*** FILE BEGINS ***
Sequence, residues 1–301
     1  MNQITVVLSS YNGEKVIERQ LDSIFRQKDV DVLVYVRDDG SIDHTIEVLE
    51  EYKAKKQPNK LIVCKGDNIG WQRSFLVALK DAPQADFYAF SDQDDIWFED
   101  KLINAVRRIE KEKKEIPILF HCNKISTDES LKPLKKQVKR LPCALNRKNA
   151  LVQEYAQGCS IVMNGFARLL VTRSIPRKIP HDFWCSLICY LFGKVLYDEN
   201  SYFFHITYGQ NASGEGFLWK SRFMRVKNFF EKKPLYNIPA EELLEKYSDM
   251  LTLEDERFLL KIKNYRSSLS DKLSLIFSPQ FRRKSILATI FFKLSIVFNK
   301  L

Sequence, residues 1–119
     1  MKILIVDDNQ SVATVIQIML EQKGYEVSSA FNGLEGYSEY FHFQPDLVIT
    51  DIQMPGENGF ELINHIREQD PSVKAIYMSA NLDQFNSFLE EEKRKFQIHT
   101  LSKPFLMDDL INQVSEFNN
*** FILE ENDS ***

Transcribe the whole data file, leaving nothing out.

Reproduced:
Sequence, residues 1–301
     1  MNQITVVLSS YNGEKVIERQ LDSIFRQKDV DVLVYVRDDG SIDHTIEVLE
    51  EYKAKKQPNK LIVCKGDNIG WQRSFLVALK DAPQADFYAF SDQDDIWFED
   101  KLINAVRRIE KEKKEIPILF HCNKISTDES LKPLKKQVKR LPCALNRKNA
   151  LVQEYAQGCS IVMNGFARLL VTRSIPRKIP HDFWCSLICY LFGKVLYDEN
   201  SYFFHITYGQ NASGEGFLWK SRFMRVKNFF EKKPLYNIPA EELLEKYSDM
   251  LTLEDERFLL KIKNYRSSLS DKLSLIFSPQ FRRKSILATI FFKLSIVFNK
   301  L

Sequence, residues 1–119
     1  MKILIVDDNQ SVATVIQIML EQKGYEVSSA FNGLEGYSEY FHFQPDLVIT
    51  DIQMPGENGF ELINHIREQD PSVKAIYMSA NLDQFNSFLE EEKRKFQIHT
   101  LSKPFLMDDL INQVSEFNN